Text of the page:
Jerry Herman’s Superb Music & Lyrics Still Enchant
by Lynne Stevens
From the start of “Mame,” we realize that we are following the memories of Auntie Mame’s nephew. After the teaser of grown-up Patrick appearing on stage, we eagerly await the opening scenes.
We’re thrown into the madcap life of eccentric Mame Dennis (exceptional Cindy Goldfield) and her bohemian clique. With her “seize the day” attitude, Mame invents a holiday just because. “It’s Today.!” It’s the late 1920s and her guests dance the Charleston, boisterously.
Young Patrick (precocious Azzy David) is dropped into the arty world of his father’s sister, his Auntie Mame. Although Mame has no experience rearing children, she knows what an interesting life should be.
Mame is determined that Patrick’s life will be exciting, not dull, even though his father dictated otherwise. Mame’s enduring refrain is “Life is a banquet, and most poor sons-of-bitches are starving to death! Live!”
For each scene, Mame dons a new costume —sometimes two. Costume Designer Sheryl Weiss goes from a magnificent orange flowered kimono over purple lounge pants to an outrageous “woman in the moon” gown with stars and crescent moon headdress. Perfect 20s gear.
Mame’s nemesis, Dwight Babcock (wonderfully stuffy Jesse Caldwell), executor of her brother’s estate, takes his task seriously. He tries to find a suitable, conservative school for Patrick. We’re thrilled to see Mame get the better of Babcock with a little deceit on the matter of schooling.
Mame sings “Open a New Window.” encouraging “her little love” to try something new every day.
Open a new window
Open a new door
Travel a new highway
That’s never been tried before
. . . . .
The fellow you ought to be is three dimensional
Soaking up life
Down to your toes
Whenever they say you’re slightly unconventional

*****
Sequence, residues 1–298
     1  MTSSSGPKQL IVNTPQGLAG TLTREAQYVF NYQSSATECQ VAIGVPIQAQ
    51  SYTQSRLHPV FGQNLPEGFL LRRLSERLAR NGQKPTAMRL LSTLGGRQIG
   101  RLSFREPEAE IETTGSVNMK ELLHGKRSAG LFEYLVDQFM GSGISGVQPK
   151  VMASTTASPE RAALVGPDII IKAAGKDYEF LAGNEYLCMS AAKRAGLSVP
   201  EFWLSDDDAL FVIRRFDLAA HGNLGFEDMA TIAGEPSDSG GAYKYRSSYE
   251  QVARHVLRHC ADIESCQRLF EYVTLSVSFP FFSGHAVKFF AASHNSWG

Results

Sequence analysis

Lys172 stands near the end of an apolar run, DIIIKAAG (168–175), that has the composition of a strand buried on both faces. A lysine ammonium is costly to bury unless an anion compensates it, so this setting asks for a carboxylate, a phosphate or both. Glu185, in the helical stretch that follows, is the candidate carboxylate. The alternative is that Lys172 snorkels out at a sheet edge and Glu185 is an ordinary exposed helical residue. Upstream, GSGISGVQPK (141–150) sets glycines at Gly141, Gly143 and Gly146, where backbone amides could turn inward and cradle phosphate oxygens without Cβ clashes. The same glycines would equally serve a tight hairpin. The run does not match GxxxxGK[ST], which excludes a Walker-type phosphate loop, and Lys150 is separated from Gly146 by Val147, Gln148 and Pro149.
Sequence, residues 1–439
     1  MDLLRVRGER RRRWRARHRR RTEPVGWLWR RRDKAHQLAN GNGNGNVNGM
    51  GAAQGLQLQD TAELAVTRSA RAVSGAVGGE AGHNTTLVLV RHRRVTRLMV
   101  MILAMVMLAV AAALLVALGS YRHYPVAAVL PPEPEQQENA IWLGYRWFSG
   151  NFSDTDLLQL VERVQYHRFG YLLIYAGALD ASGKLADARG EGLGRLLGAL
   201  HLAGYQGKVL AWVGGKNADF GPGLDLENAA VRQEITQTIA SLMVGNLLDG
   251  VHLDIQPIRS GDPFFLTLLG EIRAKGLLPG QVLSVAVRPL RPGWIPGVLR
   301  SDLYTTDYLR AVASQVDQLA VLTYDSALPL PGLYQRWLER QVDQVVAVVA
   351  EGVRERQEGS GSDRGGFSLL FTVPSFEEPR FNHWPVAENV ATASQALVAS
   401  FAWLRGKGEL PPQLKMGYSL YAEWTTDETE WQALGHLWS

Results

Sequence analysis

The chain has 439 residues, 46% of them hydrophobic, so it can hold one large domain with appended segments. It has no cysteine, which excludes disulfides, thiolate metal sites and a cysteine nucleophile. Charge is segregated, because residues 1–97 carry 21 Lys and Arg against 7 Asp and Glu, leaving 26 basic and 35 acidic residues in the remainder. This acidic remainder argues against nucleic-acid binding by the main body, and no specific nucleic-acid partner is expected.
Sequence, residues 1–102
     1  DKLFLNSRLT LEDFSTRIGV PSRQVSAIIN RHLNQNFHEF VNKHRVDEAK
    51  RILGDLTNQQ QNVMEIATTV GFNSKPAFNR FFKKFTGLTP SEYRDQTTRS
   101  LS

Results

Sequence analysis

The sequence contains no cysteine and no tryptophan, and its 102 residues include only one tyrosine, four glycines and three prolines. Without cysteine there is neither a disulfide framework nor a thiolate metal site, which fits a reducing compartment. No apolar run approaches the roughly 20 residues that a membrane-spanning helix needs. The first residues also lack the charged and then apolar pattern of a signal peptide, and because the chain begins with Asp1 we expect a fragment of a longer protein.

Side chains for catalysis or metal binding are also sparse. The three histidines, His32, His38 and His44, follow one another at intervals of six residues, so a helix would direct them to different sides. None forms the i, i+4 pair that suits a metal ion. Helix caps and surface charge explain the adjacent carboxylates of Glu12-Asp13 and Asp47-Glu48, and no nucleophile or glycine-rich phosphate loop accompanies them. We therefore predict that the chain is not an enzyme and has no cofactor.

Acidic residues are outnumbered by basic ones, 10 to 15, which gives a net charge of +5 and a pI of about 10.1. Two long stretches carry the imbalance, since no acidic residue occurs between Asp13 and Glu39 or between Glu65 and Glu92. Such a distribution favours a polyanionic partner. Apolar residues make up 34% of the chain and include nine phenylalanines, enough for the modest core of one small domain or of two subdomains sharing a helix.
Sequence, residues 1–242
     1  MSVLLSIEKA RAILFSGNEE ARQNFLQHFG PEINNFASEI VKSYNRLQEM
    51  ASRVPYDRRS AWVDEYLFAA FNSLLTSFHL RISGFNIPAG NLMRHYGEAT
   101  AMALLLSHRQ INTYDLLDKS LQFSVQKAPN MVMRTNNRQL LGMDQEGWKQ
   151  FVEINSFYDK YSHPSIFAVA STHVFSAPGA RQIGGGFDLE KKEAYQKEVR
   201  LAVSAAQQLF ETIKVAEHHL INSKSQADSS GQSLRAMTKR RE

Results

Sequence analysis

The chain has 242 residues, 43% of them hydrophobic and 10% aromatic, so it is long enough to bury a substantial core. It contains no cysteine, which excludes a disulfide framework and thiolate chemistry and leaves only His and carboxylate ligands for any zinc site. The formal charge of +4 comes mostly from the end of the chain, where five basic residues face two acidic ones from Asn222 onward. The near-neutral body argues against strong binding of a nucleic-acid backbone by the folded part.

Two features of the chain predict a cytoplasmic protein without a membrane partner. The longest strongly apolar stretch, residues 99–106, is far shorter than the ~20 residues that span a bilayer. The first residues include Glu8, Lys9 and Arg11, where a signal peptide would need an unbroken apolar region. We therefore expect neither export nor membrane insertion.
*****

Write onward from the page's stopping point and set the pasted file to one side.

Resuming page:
The 1929 crash and Depression put a damper on Mame’s carefree life. Now, she’s broke, and we see several hilarious examples of her ineptitude at all sorts of jobs. From a bit player in one of her friend Vera Charles’ (haughty Elizabeth Jones) shows, to manicurist. She’s just not suited for employment.
With Patrick home for the holidays, and everyone down in the dumps, it’s the perfect time to “Haul out the holly.” Mame and her household sing “We Need a Little Christmas,.” revived annually by Johnny Mathis, Andy Williams, and Idina Menzel.
By Act Two on opening night, the cast was really warmed up and what initially sounded tentative became full-on enthusiastic.
Scenic Designer Danielle Ferguson keeps the New York landscape, but we imagine traveling down to Atlanta to visit the estate of Mame’s friend Beauregard Burnside’s (versatile Joseph Alvarado). The cast celebrates the success of the inimitable Mame’s visit with the title song “Mame.” Patrick (suave Kurt Tijamo), away at school, misses the trip south: he is busy growing up. Mame is there to resolve his romantic issues.
There are so many wonderful songs in this musical but the one that gets me every time is “If He Walked Into My Life.” Mame wistfully questions whether she made the right choices when raising Patrick.
See “Mame” at 42nd Street Moon because the way the world looks now, “We Need A Little Christmas.”
“Mame” –book by Jerome Lawrence & Robert E. Lee, music & lyrics by Jerry Herman, based on the novel by Patrick Dennis & the play “Auntie Mame” by Lawrence & Lee, directed by Becky Potter, by 42nd Street Moon, San Francisco. Info: 42ndstmoon.org – to November 19, 2023.
Cast: Joseph Alvarado, Jesse Caldwell, Azzy David, Mark Farrell, Cindy Goldfield, Nick Ishimaru, Tania Johnson, Elizabeth Jones, Larissa Kelloway, Lillian Kurtz, Joel Ochoa, Sarah Schori, Jillian A. Smith, Kurt Tijamo, and Elise Youssef.
The Band: Tim Fletcher, piano; John Trombetta, trumpet; Dana Bauer, woodwinds; Douglas Lippi, percussion; and Andrew Lawrence, bass.
Banner photo: The Ensemble of “Mame.” Photos by Ben Krantz Studio